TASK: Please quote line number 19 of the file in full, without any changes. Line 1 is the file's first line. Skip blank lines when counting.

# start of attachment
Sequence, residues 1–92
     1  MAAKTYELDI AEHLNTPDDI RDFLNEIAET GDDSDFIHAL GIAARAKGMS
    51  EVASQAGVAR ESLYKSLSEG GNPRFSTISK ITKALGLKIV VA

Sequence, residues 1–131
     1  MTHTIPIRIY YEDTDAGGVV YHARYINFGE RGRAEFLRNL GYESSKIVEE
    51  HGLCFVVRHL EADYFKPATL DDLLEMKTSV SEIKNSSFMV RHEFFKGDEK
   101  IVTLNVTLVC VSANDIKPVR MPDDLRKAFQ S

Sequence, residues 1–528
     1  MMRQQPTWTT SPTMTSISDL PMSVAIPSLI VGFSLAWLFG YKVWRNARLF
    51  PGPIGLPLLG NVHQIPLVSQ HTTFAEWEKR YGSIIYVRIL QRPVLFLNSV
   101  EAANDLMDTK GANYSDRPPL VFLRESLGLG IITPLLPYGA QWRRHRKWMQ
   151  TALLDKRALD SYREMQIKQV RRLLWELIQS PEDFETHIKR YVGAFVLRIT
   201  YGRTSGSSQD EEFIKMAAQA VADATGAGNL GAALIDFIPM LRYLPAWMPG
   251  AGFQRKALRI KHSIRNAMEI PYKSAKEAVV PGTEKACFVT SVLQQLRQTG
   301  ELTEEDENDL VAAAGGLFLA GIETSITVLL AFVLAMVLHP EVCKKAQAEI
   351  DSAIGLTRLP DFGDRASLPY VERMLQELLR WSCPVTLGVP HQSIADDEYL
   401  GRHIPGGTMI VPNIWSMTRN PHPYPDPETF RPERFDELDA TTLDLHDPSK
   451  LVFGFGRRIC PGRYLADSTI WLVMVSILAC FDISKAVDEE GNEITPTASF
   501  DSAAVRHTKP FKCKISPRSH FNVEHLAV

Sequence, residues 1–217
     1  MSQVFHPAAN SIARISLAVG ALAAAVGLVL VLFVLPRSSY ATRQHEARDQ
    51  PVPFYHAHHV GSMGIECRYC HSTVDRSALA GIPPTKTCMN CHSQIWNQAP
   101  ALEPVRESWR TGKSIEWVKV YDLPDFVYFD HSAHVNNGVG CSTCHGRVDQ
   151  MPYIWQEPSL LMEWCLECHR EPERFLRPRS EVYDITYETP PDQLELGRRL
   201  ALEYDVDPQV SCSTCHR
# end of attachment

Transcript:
   501  DSAAVRHTKP FKCKISPRSH FNVEHLAV